Although the DACON provides an accurate assessment of drug utilization, with long-term opioid use there may be some members who either fail to achieve adequate analgesic effects despite reaching the maximum tablet strength for frequently prescribed opioids or may experience analgesic tolerance if more frequent dosing is necessary.27
Realizing that it may be difficult to distinguish analgesic tolerance from potential drug abuse, especially if members are requesting traditional oxycodone CR over reformulated oxycodone CR, health professionals should be cognizant of and recognize that changes in utilization may reflect inappropriate drug use. It is, therefore, essential to follow the guidelines for opioid use to ensure that these drugs are used judiciously in the management of chronic noncancer pain, especially for patients who require higher doses of opioids, have issues with drug abuse, or who report numerous comorbid conditions.28,29
There are certain caveats associated with the use of claims data. First, it was not possible to examine whether patients were actually using the medications examined in this database. Thus, it was not possible to determine if changes in pain intensity required patients to alter the dose or dosing frequency of opioids for medical emergencies or procedures.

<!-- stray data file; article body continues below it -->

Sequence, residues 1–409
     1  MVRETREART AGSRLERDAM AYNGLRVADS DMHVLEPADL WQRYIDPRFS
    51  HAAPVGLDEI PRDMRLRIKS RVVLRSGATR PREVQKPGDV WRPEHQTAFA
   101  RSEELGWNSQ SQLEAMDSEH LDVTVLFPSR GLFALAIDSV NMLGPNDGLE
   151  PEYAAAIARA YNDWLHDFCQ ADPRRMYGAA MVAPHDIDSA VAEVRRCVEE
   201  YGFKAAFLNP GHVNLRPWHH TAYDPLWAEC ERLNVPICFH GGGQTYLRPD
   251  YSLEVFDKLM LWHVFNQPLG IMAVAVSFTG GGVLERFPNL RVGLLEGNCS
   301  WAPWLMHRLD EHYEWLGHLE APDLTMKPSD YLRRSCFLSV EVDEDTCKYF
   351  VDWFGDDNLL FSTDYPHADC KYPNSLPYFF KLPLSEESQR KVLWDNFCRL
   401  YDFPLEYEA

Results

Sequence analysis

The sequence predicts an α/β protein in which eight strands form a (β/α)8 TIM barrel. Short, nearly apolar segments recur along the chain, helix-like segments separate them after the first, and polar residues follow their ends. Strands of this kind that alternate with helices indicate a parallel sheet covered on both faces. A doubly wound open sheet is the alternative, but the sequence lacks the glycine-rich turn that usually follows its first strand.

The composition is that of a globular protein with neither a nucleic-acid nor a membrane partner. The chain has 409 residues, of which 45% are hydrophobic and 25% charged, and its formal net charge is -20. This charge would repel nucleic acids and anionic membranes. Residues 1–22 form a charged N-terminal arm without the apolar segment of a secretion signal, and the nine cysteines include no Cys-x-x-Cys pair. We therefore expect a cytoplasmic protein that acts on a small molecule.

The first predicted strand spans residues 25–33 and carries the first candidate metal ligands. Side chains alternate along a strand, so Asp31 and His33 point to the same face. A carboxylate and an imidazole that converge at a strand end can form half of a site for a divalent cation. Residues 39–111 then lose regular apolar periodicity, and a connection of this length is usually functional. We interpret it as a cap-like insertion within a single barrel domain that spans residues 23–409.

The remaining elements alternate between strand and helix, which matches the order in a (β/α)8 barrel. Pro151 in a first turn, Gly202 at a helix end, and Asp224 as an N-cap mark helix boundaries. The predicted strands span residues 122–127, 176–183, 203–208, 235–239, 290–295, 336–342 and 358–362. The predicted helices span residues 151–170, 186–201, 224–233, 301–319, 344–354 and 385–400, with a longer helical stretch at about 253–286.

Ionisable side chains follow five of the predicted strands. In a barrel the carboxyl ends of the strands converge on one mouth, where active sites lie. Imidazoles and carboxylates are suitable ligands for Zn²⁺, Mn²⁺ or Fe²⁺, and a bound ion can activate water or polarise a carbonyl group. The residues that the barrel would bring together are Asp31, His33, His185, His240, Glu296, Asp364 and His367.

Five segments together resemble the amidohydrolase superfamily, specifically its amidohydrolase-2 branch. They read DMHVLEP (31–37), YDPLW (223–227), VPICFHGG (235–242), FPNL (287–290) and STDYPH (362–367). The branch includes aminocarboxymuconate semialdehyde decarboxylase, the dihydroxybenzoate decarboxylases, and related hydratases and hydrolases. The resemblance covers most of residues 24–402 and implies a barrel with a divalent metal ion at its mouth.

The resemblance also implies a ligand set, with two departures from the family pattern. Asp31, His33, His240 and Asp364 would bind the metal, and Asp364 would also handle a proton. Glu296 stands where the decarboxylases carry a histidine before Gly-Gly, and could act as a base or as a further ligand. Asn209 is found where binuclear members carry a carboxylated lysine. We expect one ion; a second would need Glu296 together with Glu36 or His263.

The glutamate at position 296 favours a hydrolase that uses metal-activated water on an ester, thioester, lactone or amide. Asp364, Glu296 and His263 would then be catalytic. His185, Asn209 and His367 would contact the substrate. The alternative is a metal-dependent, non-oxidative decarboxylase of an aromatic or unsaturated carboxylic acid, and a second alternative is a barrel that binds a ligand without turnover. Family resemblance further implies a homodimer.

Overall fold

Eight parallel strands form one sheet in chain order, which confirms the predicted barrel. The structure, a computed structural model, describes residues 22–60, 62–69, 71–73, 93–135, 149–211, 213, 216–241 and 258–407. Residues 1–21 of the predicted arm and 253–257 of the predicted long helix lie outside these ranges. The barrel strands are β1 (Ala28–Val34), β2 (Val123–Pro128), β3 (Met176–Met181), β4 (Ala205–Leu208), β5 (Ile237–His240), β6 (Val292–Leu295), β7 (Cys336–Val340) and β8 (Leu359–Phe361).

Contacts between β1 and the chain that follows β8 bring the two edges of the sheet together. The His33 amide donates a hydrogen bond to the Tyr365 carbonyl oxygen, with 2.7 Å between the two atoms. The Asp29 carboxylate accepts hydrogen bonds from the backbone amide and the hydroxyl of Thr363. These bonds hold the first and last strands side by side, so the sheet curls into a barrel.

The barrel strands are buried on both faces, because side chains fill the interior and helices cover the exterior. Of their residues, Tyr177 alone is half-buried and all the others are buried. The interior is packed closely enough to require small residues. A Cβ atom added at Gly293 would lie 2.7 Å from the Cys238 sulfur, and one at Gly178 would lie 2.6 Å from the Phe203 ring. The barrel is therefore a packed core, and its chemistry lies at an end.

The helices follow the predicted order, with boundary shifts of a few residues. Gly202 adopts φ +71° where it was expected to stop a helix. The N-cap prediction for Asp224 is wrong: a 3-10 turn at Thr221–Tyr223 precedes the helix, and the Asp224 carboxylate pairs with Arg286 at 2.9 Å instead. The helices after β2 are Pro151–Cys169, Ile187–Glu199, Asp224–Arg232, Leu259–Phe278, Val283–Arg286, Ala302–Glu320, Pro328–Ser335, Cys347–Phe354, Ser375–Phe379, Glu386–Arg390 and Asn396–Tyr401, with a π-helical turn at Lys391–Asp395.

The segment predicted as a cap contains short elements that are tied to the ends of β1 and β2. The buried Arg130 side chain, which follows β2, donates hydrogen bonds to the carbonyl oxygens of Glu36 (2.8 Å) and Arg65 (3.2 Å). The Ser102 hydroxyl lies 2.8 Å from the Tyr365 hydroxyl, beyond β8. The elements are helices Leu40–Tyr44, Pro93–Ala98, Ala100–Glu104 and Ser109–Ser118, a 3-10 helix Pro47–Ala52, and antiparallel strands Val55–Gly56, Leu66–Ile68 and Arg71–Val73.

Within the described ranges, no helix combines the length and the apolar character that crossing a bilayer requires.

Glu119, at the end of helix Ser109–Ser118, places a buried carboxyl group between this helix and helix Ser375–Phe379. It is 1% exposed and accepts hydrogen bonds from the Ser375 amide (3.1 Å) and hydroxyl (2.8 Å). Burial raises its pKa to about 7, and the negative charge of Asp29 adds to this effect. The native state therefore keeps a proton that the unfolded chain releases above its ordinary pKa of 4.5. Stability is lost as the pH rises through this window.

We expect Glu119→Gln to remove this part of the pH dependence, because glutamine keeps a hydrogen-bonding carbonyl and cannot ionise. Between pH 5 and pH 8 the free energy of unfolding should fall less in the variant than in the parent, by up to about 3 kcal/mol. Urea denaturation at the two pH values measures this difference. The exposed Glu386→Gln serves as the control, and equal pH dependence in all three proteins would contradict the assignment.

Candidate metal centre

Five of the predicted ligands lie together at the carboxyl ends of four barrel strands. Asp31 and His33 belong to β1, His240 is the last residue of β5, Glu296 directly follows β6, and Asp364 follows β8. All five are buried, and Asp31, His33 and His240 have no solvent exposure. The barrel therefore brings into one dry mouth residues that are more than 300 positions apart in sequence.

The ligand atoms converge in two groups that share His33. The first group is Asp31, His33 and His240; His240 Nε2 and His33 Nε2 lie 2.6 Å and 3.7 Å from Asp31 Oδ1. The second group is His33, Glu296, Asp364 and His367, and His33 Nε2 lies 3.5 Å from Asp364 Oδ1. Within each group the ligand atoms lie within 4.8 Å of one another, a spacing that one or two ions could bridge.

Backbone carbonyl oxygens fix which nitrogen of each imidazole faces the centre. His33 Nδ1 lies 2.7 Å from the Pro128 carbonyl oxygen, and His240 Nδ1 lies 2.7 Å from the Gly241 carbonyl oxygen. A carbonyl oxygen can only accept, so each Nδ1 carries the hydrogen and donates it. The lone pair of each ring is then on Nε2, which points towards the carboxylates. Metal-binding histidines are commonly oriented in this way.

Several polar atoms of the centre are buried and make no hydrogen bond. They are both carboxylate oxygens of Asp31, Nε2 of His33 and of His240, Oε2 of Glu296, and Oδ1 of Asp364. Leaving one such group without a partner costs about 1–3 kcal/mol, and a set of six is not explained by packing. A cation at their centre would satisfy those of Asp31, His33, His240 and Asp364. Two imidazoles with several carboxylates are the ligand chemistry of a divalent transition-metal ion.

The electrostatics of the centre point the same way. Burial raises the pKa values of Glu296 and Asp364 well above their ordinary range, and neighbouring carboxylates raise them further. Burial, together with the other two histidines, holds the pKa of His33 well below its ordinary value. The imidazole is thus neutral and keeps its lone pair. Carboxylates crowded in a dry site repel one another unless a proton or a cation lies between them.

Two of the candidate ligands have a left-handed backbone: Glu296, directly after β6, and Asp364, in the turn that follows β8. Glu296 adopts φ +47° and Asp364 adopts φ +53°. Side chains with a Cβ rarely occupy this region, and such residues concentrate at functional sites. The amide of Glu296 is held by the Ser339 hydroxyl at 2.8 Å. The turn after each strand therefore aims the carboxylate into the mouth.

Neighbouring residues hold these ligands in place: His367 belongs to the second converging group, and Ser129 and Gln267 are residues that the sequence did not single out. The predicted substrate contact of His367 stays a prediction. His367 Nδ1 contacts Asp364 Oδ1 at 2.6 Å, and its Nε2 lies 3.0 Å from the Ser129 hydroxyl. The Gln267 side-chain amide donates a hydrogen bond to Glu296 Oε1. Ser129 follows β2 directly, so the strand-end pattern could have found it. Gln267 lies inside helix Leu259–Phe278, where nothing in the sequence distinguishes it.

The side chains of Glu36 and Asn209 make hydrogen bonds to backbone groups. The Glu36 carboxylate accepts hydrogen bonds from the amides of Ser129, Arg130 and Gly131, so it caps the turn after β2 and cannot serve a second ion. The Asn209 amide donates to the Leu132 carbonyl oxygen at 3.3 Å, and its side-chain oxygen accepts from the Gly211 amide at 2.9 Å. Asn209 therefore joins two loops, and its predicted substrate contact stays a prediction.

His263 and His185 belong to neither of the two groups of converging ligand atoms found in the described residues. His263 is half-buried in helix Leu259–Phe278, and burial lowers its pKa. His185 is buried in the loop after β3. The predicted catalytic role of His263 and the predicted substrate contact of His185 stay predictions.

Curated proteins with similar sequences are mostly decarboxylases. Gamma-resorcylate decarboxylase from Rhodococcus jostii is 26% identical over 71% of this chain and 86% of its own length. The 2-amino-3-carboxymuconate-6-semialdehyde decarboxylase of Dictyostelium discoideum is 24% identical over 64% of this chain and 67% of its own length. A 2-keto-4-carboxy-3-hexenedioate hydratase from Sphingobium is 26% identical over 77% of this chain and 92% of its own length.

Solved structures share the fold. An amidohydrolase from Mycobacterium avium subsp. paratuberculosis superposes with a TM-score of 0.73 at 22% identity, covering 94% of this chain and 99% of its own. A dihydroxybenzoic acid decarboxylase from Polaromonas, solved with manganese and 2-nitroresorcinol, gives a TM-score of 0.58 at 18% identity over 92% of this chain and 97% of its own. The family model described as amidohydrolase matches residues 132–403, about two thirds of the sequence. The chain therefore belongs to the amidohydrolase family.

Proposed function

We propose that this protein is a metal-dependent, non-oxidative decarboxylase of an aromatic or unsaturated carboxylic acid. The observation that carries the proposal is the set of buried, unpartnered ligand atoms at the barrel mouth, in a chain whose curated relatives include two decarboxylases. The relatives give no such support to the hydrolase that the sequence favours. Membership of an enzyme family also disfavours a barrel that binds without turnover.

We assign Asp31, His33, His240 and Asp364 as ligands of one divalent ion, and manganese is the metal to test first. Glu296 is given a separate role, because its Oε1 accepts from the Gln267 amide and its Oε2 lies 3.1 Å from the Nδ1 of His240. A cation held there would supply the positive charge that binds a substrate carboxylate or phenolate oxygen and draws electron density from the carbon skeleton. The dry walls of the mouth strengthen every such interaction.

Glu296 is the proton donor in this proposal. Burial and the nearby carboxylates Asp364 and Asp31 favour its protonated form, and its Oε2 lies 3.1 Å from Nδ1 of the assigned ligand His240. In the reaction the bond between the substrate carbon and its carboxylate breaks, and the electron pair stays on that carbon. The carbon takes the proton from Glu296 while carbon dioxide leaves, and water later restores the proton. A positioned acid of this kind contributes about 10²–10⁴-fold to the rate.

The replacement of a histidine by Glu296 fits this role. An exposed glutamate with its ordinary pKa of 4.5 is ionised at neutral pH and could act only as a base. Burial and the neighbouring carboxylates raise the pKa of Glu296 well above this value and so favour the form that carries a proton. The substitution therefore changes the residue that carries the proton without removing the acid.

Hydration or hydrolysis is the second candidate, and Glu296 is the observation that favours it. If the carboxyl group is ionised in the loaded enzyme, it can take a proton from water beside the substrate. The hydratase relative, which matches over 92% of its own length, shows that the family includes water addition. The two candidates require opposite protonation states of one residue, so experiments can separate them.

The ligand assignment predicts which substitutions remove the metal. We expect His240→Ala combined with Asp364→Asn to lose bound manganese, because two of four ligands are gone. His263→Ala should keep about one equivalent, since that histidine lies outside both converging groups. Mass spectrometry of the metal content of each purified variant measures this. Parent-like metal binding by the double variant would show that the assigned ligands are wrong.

Second, it was not possible to determine if prescribers changed medications in response to oxycodone CR or to oxymorphone ER failures, or changed the dosing schedule to accommodate other medication use or additional diagnoses. For these reasons, it was not possible to control for patient-initiated self-management of pain.
Third, although the calculations of DACON were statistically robust, as observed from sensitivity analyses, additional changes in utilization could occur from inappropriate use of opioids.
Fourth, a common limitation about the claims database is that there is no diagnosis code entered on prescription claims; this study was based on prescription claims, not patients. Therefore, information related to diagnosis codes is not provided in this study.